Discussant : Gian Maria Torre (University of Luxembourg)

  • Tuesday 7 February 2023, 5.00 pm-6.30 pm (hybrid session, on site at the Aquarium, 4th floor of MSH, and online)

” ‘Based and redpilled’: The weaponization of online discourse” by Daniël De Zeeuw (University of Amsterdam, The Netherlands)

From so-called “meme magic” and “redpilling” to “dog whistles” and the “Overton window”, radical right-wing users of platforms like 4chan and Reddit operate on various assumptions of how language works online: how, why, and where it takes root, evolves, and spreads across platforms, and by doing so may influence people (their ways of thinking, ideological attitudes, and ultimately their behavior). But beyond a general understanding of language as strategic, there is no consensus (on the part of users as well as academic researchers) as to why or how language can play this role. For example, will the use of the term “globalist” by the mainstream media prepare the general “normie” public to accept right-wing conspiratorial and antisemitic talking points down the line? Or will this instead neutralize the term’s radical contents by being detached from its original discursive context? In this seminar we will discuss how users of 4chan and Reddit imagine (and discuss among themselves) the ideological workings of vernacular discourse in a complex digital ecosystem. To this end, I will present a digital methods-based genealogy of the slang term “based” that became a staple of the Alt-right in the mid-2010s.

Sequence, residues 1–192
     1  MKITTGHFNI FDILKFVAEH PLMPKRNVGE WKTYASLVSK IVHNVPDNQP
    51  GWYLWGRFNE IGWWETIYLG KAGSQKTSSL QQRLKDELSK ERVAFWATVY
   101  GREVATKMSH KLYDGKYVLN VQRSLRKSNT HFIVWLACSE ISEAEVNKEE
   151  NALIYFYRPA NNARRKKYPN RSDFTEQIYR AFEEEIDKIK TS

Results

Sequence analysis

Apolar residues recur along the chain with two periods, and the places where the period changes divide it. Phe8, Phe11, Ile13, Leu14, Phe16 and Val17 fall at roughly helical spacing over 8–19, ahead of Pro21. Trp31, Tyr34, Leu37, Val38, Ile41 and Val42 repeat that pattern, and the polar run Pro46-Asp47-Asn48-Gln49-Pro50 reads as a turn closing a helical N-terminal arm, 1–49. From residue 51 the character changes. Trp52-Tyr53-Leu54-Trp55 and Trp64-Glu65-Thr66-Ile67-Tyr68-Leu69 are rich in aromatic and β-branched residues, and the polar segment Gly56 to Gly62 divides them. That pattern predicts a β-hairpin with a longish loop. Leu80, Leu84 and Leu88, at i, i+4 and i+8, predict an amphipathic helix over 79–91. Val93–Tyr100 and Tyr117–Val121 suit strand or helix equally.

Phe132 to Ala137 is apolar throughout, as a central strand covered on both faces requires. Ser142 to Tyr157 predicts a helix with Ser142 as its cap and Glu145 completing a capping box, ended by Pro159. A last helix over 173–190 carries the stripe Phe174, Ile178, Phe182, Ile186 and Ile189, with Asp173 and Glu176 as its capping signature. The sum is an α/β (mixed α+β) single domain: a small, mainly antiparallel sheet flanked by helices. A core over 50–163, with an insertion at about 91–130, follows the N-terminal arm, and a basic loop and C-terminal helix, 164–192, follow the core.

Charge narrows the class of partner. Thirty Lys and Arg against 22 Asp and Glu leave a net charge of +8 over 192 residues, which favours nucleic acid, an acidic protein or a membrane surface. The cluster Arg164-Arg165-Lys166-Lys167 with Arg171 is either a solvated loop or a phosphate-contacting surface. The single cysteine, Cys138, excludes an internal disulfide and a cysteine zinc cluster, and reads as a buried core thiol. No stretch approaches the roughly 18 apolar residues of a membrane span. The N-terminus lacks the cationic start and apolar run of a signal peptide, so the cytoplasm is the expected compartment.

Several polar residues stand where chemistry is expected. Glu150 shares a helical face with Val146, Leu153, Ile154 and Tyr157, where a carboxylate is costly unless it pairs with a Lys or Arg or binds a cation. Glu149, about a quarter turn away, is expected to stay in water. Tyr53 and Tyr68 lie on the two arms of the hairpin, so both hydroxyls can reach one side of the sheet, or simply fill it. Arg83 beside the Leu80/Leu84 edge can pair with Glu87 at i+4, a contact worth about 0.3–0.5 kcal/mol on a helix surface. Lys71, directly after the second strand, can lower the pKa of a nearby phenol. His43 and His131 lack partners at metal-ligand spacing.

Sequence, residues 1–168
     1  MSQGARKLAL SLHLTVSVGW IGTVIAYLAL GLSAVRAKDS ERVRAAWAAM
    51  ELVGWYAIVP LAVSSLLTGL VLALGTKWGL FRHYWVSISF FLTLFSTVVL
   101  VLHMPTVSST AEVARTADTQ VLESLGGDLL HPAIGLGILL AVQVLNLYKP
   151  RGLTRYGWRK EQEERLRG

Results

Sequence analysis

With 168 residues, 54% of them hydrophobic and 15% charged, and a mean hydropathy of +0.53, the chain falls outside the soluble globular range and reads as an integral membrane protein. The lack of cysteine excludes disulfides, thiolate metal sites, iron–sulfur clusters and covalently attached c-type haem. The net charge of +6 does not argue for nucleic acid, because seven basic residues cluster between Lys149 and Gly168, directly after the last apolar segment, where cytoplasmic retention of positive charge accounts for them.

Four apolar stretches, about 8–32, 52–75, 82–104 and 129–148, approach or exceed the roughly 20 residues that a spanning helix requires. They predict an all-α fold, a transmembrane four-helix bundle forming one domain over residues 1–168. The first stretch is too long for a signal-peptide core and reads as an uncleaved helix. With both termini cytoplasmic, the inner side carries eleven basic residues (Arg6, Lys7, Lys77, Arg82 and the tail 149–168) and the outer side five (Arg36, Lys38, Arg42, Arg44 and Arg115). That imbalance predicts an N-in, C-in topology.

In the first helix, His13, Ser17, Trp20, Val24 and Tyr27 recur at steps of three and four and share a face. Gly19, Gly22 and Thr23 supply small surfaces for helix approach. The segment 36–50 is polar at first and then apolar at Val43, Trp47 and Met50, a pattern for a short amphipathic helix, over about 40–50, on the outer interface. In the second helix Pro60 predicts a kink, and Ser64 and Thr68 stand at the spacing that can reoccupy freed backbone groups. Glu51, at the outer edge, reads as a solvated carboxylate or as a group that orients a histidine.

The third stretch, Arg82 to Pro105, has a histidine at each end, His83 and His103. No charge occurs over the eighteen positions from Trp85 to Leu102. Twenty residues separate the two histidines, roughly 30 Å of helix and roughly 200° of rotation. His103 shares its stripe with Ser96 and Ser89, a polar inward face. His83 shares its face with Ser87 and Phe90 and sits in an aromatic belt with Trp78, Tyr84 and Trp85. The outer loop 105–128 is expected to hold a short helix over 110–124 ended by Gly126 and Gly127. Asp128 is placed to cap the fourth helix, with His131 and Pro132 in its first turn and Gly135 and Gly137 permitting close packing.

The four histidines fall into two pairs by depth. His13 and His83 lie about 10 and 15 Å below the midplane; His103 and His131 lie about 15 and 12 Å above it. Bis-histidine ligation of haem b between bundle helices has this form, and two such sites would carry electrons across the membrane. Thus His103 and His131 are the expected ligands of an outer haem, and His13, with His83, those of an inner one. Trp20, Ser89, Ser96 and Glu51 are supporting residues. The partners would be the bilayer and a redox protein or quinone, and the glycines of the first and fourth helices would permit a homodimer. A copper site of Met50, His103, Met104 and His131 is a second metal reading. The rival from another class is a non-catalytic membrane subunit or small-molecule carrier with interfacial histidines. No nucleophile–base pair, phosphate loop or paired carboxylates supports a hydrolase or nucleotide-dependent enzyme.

Discussant: Nelly Quemener (CELSA, Sorbonne-Université, France)

  • Tuesday 21 March 2023, 5.00 pm-6.30 pm (hybrid session, on site at the Aquarium, 4th floor of MSH, and online)

” ‘Meme-ing’ social resilience in Northern Ireland: exploring the everyday politics of internet memes about the Belfast riots of December 2012 and April 2021″ by Martin Lundqvist (Lund University, Sweden)

This study is concerned with how the 2012 and 2021 Belfast riots are represented and made sense of in everyday life; with a specific focus on how social resilience is fostered (or hindered) through internet memes about said political violence. While a substantial amount has already been written about everyday practices in conflict-ridden Belfast there remains a significant research gap on how online, everyday, narratives represent and make sense of the recent outbursts of sectarian violence there, and what the implications of these narratives are for the building of social resilience in the city. This is problematic as it is increasingly acknowledged by scholars that online practices may be both a driver of disinformation and polarisation, as well as a tool for building more socially resilient societies. The present study addresses this lacuna through an in-depth exploration of how the recent Belfast riots are represented in internet memes; and how these memes are in turn made sense of – and potentially acted upon – by the city’s inhabitants.

Discussant : Michael Kurzmeier (University of Cork, Ireland)

The VIRAL seminar is organised by Fred Pailler and Valérie Schafer at the C²DH (University of Luxembourg). It is part of the HIVI research project about the history of online virality (https://hivi.uni.lu, funded by the FNR – C20/SC/14758148).

© Université du Luxembourg 2021. All rights reserved

© Université du Luxembourg 2021. All rights reserved

© Université du Luxembourg 2021. All rights reserved

© Université du Luxembourg 2021. All rights reserved